Wednesday, 22 January 2014

Dover Harbour gulls

Dover Harbour is not the most picturesque birding destination but during the winter it occasionally turns up a few attractions; more importantly (for me anyway) these often present at quite close quarters.
A couple of weeks ago a small gull flew past and though I thought "little gull" at the time I didn't see it again so I dismissed it as wishful thinking and assumed I had just had fleeting views of a juvenile kittiwake.
Well on Sunday it was there again and sure enough it was a little also helped that Chidders had been watching it!.
Little gulls are not  birds I see very often (most likely due to the fact I don't do sea watching) but to have one within camera range meant that the stage was set for several days of little gull therapy. If only the weather had cooperated.
Sunday was actually ok in that whilst it threatened rain at times there were also periods when the sun shone brightly and the sky was blue. Monday, the cloud was thinner but the sun was rarely seen and Tuesday the forecast was excellent but the weather hadn't read the newspapers or seen the News because after 15 minutes the fog rolled in. Still there's always tomorrow.
The little gull performed best on Sunday where it was ranging along the PoW pier for long periods, Monday it showed pretty well but went AWOL for long periods but yesterday we only saw it a couple of times...... and it never came close.

On two of the three days we have thrown out bait to try and tempt the little gull into feeding below us picking at the water surface but to date it hasn't cooperated. Baits tried so far are floating fish food pellets and bread (white and brown!) so any suggestions of something easy to get hold of, floats and is not too stinky would be appreciated.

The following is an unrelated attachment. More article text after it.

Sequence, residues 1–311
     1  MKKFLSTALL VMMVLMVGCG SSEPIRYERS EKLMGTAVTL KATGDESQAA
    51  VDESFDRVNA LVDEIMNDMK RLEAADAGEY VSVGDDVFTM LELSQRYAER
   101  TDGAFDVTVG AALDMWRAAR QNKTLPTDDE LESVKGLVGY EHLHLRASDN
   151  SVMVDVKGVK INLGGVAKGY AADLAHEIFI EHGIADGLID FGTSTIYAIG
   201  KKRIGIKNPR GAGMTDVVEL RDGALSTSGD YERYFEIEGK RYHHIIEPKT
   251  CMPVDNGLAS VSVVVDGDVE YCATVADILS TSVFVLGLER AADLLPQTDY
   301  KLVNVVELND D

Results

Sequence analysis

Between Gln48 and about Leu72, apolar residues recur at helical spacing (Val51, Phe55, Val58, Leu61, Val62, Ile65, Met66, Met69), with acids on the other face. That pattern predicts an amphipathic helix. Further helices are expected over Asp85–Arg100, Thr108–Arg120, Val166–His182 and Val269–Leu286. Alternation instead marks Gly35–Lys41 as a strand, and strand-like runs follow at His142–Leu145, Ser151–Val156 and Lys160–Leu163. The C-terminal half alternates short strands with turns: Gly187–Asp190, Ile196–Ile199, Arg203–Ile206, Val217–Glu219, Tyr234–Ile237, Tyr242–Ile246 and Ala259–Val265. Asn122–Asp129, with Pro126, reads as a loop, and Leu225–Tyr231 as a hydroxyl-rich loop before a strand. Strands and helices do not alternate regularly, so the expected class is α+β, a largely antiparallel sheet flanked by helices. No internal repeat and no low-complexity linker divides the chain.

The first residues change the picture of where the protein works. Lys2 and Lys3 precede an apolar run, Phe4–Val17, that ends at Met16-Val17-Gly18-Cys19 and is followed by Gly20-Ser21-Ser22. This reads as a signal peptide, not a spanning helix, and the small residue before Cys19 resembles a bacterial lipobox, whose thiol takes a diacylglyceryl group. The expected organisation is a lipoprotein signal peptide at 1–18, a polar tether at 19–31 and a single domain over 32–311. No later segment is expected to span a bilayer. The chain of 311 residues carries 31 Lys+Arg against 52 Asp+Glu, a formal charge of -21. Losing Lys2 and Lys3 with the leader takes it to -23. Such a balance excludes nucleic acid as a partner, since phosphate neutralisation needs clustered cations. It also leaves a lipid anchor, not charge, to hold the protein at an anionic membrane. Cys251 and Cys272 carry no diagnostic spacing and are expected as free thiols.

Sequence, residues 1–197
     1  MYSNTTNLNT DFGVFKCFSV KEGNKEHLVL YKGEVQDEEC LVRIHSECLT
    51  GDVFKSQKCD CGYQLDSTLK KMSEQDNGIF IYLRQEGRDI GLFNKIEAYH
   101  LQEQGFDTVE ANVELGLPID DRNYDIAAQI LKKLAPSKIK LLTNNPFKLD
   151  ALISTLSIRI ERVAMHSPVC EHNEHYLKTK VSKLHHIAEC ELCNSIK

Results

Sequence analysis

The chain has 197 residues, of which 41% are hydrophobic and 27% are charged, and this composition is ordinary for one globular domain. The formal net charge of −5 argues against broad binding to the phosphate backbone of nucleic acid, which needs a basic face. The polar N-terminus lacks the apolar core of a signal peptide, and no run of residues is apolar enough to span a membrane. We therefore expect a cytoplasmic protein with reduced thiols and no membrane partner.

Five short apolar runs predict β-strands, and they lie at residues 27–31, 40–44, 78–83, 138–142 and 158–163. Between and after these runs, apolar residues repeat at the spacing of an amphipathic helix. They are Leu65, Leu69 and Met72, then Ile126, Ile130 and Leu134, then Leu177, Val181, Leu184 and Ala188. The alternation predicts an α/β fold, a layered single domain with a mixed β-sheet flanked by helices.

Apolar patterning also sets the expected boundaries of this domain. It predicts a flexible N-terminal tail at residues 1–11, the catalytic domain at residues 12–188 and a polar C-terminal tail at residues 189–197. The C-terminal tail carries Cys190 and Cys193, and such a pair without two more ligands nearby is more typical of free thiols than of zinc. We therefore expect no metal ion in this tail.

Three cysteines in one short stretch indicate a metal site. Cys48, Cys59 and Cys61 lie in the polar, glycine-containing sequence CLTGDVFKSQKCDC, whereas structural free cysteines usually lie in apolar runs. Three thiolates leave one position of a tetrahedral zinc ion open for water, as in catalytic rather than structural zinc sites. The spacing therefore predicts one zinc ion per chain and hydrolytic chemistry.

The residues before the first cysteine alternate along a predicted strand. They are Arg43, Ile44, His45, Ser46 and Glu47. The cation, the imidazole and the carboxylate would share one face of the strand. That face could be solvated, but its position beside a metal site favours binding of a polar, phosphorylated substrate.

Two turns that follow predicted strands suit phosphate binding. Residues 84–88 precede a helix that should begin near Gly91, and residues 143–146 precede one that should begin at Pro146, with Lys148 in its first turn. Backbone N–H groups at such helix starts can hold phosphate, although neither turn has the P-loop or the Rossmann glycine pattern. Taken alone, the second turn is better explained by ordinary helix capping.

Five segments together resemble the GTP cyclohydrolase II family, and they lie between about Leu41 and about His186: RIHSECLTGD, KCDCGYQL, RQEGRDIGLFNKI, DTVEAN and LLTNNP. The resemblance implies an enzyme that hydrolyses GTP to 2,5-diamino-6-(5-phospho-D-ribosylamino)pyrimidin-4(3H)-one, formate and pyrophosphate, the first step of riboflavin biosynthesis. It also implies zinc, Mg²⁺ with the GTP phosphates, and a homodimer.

At times the bird came really close and even hung in the air 20 feet above my head but these overhead shots are never very pleasing.

One of the  close fly-pasts allowed decent views of the black under-wing patch  (I have no idea if these feathers have a technical name):

Kittiwake numbers are increasing at last with various stages of adult moult on show plus some juveniles.

Standard winter adult

Adult - nearly in summer plumage
Here are several shots of an adult where the primaries haven't completely grown. This makes the bird look really unusual in that due to the lack of primaries the wings appear very short and the wing has 3 black patches rather than the single black tip.

There are also several juveniles around:

The final birds of interest were the med gulls. There had been a 1st winter on every visit but on Tuesday there were also a couple of adults on show.

Adult med gull

1st winter med gull
The 1st winter med gull was the only bird to respond to bread yesterday coming down just in front of us and showing off the wing pattern brilliantly in the 5 minutes of sun we enjoyed.

Also around in the harbour are a few guillemots and razorbills with some of the guillies being in summer plumage. Grebes and divers however are conspicuous by their absence.

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